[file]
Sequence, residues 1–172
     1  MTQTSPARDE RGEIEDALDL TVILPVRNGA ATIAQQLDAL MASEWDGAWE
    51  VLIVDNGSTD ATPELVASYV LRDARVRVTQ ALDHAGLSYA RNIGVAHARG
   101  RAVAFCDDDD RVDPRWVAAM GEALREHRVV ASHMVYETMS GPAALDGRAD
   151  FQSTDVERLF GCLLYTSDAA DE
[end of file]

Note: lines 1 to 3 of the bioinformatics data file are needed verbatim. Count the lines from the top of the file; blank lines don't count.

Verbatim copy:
Sequence, residues 1–172
     1  MTQTSPARDE RGEIEDALDL TVILPVRNGA ATIAQQLDAL MASEWDGAWE
    51  VLIVDNGSTD ATPELVASYV LRDARVRVTQ ALDHAGLSYA RNIGVAHARG